Know What You Think You Know

There is a line that every young journalist learns early in his or her career.
By Heather McCune, Editor in Chief | April 30, 1999
There is a line that every young journalist learns early in his or her career. "Think your mother loves you? Check it out!" I first heard it from a gruff but wise city editor at the South Bend Tribune as a 19-year-old summer intern. The way he delivered the line to me and seven other novices elicited a laugh, but even us rookies couldn’t miss its meaning. He was telling us that the cardinal rule for reporters is to take nothing for granted. Information is only as good as the facts that back it up-his other favorite saying. His advice has served me well.

I couldn’t help but remember those words as I reviewed the data reported in this month’s cover feature. Almost as soon as I started with PB, senior editor Sue Bady began talking about the need for this information. In her quiet, thorough way she explained to me the demographics of home buyers. She helped me understand the intense interest of builders and suppliers in developing product that meets their needs. What was intriguing to me in each of these conversations was Sue’s struggle for a word to define these people. Some builders called them active adults, but they weren’t really that, she said. Others labeled them empty-nesters, but that moniker didn’t fit either since many in the group still had children living at home. Others -- believe it or not -- were first-time home buyers. It is these differences that made this research so necessary, explained Sue.

One statistic about this group really stood out-four million. That is the number of baby boomers that turn 50 each year and now qualify for that dubious distinction of aging. (Don’t tell them however, few would believe it and certainly none want to hear it!) Some other numbers stood out as well:

  • Baby boomers, those born between 1946 and 1964, head 40% of American households.
  • By next year, the number of households headed by the 45-to-54 age group will increase 20%.

    These are some remarkable numbers and their implication for the home building industry is obvious. Baby boomers have cut a wide swatch through the American landscape at every phase of their development, and there’s no reason to believe that effect will change just because they’re getting old. As a group, they’ve been a economic tidal wave and that trend continues as boomers enter their fifties-their peak earning years --as the most educated bunch to ever reach that milestone.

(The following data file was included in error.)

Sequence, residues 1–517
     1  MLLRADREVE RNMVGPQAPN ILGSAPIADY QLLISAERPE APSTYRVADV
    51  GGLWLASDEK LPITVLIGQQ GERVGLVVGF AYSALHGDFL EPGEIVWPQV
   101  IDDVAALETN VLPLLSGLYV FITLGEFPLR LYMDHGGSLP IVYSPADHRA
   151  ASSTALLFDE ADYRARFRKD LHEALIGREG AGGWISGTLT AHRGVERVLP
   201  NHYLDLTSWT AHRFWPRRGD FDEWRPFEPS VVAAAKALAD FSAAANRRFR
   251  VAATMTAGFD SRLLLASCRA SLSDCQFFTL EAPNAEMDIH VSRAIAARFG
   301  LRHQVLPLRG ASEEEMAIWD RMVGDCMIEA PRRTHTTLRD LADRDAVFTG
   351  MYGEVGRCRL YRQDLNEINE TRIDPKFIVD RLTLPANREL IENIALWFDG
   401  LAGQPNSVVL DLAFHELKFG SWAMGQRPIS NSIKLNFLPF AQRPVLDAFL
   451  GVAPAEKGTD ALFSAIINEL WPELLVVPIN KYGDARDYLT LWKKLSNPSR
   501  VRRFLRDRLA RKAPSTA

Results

What will change is what these buyers want in a house. That much is obvious. Sue Bady’s report on page 50 explains their new home wants and desires well. Less obvious -- but equally important -- is the changing way this group approaches home buying. First, there is no urgency to their search. For months on end they are willing to walk your models-one after another after another. They’re present home is just fine; what they are looking for is their perfect home.

    This search for perfection becomes the real hurdle for you and your sales professionals. Few in this buyer group can define their perfect home, yet nearly all say they’ll know it when they see it. For some, this may be true. The right floorplan with the right combination of features, amenities and finishes may add up to the perfect house. However, for the larger group their search for perfection will stop when they meet the right sales professional. This is the individual that listens to the buyer, personalizes your product and presents it in such a way that it indeed becomes the perfect home.

    With an educated, patient buyer such as the aging baby boomers, it isn’t enough to have just the features. It will take an educated, informed sales professional to turn shoppers into buyers. Equip your sales staff with the skills they need and the facts they require to prove what know. Your newest buyers will demand nothing less.

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